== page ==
European coal for delivery next month climbed the most since Nov. 20 as Colombia’s second-largest producer, Drummond Co., was investigated for breaches of fuel-loading rules that took effect on Jan. 1.
Next-month coal for Amsterdam, Rotterdam or Antwerp, Belgium, rose 2.5 percent to $81 a metric ton, according to broker data compiled by Bloomberg. The March contract gained 2 percent to $80.40, the highest since Dec. 18, the data show.
Colombia’s Environment Ministry and Environmental Licensing Agency will today suspend Drummond’s environmental license, preventing the company from exporting coal until it is able to comply with new rules on direct loading, W Radio said today on its website, without saying how it obtained the information. The ministry and agency didn’t reply to e-mails seeking comment and Drummond didn’t return a phone call.
“If Drummond can’t export for two months lost exports could be as high as 4 million tons,” or about 15 percent of the company’s shipments from the nation last year, Paolo Coghe, an analyst at Societe Generale SA, said by phone from Paris. “The next-month contract has risen because people like to be safe rather than sorry, so they are willing to pay a premium for higher delivery certainty.”
The South American nation, the second-biggest coal supplier to Europe, is tightening regulations for exporters of the fuel after a sinking Drummond barge dumped coal in the Caribbean Sea 11 months ago. Colombia accounted for 24 percent of Europe’s imports in 2011, according to the latest data from coal association Euracoal.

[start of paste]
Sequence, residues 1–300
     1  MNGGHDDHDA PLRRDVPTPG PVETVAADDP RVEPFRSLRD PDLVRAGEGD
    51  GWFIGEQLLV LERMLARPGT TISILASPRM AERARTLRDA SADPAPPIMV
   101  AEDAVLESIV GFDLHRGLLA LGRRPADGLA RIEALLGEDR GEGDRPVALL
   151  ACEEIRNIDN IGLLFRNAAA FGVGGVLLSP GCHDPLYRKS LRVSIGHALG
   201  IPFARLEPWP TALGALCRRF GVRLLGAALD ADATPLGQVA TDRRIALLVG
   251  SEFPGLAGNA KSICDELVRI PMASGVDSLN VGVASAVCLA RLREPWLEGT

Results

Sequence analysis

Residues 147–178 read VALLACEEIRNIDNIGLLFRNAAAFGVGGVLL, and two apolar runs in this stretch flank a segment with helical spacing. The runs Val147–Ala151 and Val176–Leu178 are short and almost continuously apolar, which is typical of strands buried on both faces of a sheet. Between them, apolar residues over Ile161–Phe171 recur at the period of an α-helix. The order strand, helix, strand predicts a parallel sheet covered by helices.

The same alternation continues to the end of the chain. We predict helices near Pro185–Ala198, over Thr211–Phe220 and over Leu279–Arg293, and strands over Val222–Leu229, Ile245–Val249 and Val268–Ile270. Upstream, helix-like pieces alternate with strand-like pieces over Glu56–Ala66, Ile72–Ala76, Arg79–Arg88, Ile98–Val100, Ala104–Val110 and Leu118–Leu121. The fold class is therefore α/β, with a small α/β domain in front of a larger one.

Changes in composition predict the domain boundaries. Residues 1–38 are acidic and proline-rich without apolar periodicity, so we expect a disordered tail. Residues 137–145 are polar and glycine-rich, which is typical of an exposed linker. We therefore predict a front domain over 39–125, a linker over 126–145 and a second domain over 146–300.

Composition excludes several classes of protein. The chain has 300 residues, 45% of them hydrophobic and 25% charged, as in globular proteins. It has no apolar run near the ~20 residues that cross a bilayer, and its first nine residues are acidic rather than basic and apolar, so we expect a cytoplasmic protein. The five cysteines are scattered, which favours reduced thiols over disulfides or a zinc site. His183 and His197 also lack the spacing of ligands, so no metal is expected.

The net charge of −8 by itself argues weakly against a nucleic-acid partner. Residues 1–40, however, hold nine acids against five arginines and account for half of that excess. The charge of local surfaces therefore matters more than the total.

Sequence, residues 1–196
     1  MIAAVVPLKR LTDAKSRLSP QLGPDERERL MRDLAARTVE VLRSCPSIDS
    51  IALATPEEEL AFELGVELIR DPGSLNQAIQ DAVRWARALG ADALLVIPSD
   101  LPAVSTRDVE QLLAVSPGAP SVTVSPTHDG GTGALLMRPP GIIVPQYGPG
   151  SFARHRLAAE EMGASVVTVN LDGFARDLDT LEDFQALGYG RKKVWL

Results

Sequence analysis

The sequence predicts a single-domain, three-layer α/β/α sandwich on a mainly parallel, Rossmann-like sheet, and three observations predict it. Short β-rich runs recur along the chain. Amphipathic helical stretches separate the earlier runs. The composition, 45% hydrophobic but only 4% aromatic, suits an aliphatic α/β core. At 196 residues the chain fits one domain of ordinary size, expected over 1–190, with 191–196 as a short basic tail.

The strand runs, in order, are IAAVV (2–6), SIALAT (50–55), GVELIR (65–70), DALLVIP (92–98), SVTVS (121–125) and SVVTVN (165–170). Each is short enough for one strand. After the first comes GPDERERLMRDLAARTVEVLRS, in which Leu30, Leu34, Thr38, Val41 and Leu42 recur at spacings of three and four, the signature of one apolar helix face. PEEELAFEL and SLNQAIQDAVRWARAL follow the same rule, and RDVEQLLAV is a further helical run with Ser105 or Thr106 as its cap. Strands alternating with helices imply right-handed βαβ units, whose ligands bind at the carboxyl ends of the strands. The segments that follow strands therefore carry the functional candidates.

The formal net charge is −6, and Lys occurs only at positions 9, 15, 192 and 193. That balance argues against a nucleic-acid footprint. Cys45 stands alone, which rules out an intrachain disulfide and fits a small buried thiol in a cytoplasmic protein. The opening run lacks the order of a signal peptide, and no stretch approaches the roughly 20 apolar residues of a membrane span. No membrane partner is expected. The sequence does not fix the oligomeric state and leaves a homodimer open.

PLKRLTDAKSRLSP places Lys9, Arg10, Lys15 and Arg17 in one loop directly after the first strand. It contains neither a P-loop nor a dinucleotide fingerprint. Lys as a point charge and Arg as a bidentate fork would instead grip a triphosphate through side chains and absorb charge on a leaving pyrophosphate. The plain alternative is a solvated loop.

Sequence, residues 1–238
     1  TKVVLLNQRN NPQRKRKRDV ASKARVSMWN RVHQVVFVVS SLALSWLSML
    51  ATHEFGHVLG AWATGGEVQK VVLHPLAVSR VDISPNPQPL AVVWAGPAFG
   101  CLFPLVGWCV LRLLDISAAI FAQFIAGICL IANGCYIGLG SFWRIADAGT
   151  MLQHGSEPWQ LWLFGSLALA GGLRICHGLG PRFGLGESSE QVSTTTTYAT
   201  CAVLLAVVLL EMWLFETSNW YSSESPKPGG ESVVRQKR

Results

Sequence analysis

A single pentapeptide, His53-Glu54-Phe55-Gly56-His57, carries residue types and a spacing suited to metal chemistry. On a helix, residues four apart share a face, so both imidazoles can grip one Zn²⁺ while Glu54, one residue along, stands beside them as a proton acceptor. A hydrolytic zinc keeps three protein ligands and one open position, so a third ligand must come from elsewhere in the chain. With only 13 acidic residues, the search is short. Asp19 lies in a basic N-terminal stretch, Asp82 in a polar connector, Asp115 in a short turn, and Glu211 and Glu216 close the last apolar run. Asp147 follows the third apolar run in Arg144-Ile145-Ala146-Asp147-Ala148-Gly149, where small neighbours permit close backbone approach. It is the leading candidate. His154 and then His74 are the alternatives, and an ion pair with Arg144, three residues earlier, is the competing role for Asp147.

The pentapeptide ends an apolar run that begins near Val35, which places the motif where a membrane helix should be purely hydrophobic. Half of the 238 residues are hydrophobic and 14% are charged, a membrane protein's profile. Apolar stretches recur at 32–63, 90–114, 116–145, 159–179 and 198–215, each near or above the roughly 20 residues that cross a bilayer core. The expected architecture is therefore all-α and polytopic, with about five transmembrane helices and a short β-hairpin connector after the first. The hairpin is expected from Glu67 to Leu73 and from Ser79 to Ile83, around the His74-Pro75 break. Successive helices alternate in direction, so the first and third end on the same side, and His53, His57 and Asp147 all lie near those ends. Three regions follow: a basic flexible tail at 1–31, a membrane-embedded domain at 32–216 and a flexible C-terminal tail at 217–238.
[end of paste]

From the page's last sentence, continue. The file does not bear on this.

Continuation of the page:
Birmingham, Alabama-based Drummond has continued to load coal in its port near Santa Marta this week despite regulations that enforce the direct loading of coal onto ships and ban the use of barges and cranes, Cesar Flores, a Sintramienergetica union spokesman, said today. Drummond said Jan. 3 that it will be ready to comply with the new rules by March.
Colombian President Juan Manuel Santos asked Environment Minister Luz Sarmiento to travel to Santa Marta, a city on the nation’s Caribbean coast, to investigate direct coal loading, according to a post on the president’s Twitter Inc. account yesterday. She will make a declaration at 2 p.m. local time, the Environment Ministry said in a post on its Twitter account today.
“The Colombian government needs this major export so maybe they will be willing to work with Drummond,” Coghe said. “Everything points to a positive resolution.”
European coal prices rose for seven weeks during a 53-day strike by miners at Drummond’s Colombia operations that ended on Sept. 16. The mineral is Colombia’s main export after oil, with the government losing an estimated 1.6 billion pesos ($830,000) in royalties for each day of the strike, according to the national mining agency.